Why You Should Be Using Vibration Analysis

Andy Page

Vibration analysis is the cornerstone of any condition monitoring program. The venerable Art Crawford (founder of IRD) said, "No single measurement can provide as much information about a machine as the vibration signature."

Gross defects such as severe shaft misalignment to subtle conditions such as differences in grease types can be detected with vibration analysis. As powerful as this technology is, it's often the most misapplied of the condition monitoring tools.

This article focuses on the proper philosophy behind the technology's use inside an overall condition monitoring program. While many maintenance and reliability initiatives incorporate vibration analysis, few people have a sound philosophical base for how it is to be utilized.

The proper use of a quality vibration analysis program can provide focus to the crafts personnel. The analysis of the vibration signature, when performed in a timely manner, pinpoints the precise nature and location of the problem.

This empowers the planning and scheduling process by allowing the crafts to go straight to the heart of the problem and not waste time on troubleshooting. Vibration analysis performed too late in the propagation of a defect won't help the crafts as much.

Waiting too late actually allows the defect to propagate beyond the physical part it initiated in and create even more work for technicians. An example is that, detected early enough, the shaft misalignment can be corrected before the bearing defect has even begun.

Wait too long and not only are the shafts misaligned, but the bearings are defective and the bearing housings are damaged to the point that the bearings are loose in the housings.

At this point, it will be difficult to get a technician to extol the benefits of vibration analysis, as it has not resulted in any more efficient work or easier troubleshooting. The correct use of vibration analysis enables the crafts to focus their resources on the issues that make the greatest difference.

Another powerful benefit of vibration analysis is that it buys the planning and scheduling effort a substantial amount of time to actually work at a normal pace.

While any job can be expedited and hurried, jobs that don't require expediting are cheaper and easier by virtue of the fact that additional fees aren't paid for expediting parts, and less effort is expended in the reallocation of labor and other resources.

These activities lead to higher costs and higher stress levels within the planning effort. Having parts drop-shipped and air-freighted always cost more money. Having maintenance work teams working on machinery that hasn't already failed makes their jobs much easier.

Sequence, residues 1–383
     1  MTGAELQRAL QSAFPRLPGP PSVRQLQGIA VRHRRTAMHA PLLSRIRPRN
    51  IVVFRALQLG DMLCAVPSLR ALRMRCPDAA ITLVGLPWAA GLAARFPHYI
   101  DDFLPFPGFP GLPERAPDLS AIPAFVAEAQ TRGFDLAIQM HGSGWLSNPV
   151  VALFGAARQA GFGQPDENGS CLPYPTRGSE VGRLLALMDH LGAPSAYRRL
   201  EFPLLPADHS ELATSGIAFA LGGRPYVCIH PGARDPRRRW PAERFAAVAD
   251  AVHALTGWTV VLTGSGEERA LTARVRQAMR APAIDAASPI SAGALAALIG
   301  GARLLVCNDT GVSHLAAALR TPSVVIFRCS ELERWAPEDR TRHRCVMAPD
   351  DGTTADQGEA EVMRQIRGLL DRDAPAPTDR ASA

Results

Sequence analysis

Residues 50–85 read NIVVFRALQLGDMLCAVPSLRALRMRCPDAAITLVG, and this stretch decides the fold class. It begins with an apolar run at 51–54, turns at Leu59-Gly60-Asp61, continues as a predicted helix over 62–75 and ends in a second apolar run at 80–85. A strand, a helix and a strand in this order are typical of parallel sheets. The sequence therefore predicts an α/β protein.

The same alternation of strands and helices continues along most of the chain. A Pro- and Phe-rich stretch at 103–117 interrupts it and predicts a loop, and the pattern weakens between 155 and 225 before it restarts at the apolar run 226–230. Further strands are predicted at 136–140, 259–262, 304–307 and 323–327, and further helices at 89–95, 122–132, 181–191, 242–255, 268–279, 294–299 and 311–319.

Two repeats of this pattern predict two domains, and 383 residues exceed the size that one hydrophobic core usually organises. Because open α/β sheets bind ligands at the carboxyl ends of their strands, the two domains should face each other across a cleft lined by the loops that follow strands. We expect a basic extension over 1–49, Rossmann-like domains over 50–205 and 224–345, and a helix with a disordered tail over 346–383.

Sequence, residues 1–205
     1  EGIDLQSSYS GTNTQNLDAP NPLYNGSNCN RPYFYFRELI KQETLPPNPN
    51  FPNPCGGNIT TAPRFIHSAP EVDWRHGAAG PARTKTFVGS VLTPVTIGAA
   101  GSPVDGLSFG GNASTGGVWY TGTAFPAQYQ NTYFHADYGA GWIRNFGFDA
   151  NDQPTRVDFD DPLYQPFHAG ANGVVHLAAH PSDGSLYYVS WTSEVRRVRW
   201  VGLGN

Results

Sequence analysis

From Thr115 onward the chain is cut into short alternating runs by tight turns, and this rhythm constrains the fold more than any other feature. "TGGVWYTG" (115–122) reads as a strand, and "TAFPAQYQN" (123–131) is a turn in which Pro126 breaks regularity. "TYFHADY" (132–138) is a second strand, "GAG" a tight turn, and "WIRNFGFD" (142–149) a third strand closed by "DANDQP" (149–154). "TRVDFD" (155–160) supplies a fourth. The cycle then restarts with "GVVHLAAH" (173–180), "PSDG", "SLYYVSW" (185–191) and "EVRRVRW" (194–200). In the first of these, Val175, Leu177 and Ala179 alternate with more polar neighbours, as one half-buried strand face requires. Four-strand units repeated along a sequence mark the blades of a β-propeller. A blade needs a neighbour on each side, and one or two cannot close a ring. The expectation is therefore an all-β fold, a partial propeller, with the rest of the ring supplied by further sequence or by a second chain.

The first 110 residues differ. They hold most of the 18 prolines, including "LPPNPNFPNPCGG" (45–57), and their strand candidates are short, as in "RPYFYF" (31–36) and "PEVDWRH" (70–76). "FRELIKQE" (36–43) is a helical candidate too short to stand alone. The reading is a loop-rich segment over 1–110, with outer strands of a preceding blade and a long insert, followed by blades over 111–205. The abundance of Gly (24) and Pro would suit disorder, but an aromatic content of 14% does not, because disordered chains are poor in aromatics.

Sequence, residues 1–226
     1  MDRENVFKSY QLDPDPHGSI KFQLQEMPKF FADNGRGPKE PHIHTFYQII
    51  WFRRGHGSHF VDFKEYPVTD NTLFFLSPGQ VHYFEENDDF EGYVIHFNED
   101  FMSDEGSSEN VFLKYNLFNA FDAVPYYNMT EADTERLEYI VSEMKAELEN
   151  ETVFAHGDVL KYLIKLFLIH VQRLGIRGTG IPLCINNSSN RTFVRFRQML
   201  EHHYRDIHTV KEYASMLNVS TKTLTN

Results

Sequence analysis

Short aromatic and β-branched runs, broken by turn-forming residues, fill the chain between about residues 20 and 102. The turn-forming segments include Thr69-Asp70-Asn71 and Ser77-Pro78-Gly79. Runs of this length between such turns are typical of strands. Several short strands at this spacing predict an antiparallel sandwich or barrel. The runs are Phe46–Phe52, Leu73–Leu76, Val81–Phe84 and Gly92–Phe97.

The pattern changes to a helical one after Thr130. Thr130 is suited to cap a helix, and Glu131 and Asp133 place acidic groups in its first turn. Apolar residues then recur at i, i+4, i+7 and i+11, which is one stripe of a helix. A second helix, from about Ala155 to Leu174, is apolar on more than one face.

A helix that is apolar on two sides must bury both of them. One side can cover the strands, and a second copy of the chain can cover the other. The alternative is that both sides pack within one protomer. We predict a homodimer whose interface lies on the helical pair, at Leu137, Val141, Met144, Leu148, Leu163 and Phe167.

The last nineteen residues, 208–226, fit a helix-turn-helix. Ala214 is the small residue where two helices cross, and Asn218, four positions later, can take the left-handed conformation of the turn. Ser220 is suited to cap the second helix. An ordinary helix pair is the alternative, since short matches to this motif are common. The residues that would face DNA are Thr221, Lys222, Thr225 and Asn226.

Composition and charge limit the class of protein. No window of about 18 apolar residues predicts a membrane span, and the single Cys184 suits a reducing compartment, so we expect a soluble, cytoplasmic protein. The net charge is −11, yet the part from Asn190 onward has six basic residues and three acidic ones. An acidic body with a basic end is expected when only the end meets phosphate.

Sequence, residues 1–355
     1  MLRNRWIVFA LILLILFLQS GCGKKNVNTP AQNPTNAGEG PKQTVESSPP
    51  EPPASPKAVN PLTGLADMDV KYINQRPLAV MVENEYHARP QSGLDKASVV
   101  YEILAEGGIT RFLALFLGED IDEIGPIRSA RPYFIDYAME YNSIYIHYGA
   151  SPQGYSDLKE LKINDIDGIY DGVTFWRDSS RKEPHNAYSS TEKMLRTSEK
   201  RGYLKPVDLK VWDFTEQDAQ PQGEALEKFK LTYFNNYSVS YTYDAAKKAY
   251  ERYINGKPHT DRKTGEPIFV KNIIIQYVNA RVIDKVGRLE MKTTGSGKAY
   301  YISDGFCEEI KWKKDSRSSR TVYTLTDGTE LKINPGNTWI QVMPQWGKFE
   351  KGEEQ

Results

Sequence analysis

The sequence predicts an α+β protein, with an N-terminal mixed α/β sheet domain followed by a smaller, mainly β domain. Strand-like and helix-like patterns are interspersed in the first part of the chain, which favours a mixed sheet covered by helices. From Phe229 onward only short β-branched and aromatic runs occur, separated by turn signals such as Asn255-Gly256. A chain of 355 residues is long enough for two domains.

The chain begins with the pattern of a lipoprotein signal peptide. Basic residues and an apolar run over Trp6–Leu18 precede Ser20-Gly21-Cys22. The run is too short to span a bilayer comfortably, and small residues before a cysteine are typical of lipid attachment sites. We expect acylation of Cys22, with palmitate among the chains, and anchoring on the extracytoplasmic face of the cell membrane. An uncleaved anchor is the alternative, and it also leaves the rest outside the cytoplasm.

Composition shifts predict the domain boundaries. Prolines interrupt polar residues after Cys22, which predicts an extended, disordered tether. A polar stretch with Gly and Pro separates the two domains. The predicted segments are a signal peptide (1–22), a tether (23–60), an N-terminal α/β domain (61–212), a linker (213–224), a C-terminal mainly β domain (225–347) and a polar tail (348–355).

Having a planning group and a crafts group able to take their time and not be rushed creates a less stressful environment and, thus, increases the conditional probability of correct execution of both the job plan and the job itself.

Vibration analysis identifies defects early enough to allow the planning and scheduling process the maximum amount of time to effectively and efficiently deal with the situation.

The single-largest error people make is to use vibration analysis to simply find yet another bearing fault, fix the fault and then celebrate the fact that a bearing defect was detected and corrected. This represents an incomplete understanding of the purpose of condition monitoring.

This attitude is referred to as "optimizing your run-to-failure maintenance strategy". By being satisfied with finding the defect and merely correcting it, you haven't improved your processes.

The only way lasting improvement can be made is to identify the latent root of the systemic problems that are creating these defects. Vibration analysis is a powerful tool for identifying the physical cause of the defect or the physical effect of the condition. This information empowers the root cause analysis effort.

Vibration analysis, when used incorrectly, does nothing more than optimize an organization's run-to-failure maintenance strategy. At this point, it is nothing more than a cost-added activity and not a value-added activity.

Using vibration analysis in this manner drives up costs, and direct benefits are difficult to quantify. However, used correctly, it provides some distinct benefits to maintenance and reliability efforts. It enables the crafts to focus their resources on the issues that make the most difference.

It empowers the planning and scheduling process to be able to achieve more in a shorter period of time and with less effort. And, it enables an RCA process that will allow for a much quicker and thorough identification and elimination of the root cause of the defect.

Now is the time to ask yourself, why are you performing vibration analysis?


Andy Page is the director of Allied Reliability's training group, which provides education in reliability engineering topics such as root cause analysis, Reliability-Centered Maintenance and integrated condition monitoring. He has spent 15 years in the maintenance and reliability field, holding key positions at Noranda Aluminum (maintenance engineer) and Martin Marietta Aggregates (asset reliability manager). Andy has an engineering degree from Tennessee Tech and is a Certified Maintenance and Reliability Professional (CMRP) through the Society for Maintenance and Reliability Professionals (SMRP). Contact him at pagea@alliedreliability.com.

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